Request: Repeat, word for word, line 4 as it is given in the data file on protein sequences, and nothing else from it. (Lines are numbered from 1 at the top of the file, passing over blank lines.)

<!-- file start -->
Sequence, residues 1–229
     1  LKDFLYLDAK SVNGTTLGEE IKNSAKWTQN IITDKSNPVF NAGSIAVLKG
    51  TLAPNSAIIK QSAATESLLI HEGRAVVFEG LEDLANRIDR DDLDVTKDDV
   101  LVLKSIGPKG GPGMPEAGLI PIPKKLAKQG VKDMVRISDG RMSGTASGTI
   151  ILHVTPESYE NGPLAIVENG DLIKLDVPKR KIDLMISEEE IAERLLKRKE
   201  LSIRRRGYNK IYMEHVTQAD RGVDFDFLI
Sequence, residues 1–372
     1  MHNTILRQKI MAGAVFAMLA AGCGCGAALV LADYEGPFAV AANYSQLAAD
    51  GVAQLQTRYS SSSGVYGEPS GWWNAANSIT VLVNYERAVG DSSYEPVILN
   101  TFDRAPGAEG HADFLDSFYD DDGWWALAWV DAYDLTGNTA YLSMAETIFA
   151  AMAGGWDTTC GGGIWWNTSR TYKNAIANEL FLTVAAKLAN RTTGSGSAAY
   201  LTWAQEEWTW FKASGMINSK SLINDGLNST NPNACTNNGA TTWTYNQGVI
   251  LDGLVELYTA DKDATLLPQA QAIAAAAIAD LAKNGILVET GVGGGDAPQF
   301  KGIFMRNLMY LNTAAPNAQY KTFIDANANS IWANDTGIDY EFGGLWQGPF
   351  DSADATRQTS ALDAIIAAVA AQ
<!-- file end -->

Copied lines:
   101  LVLKSIGPKG GPGMPEAGLI PIPKKLAKQG VKDMVRISDG RMSGTASGTI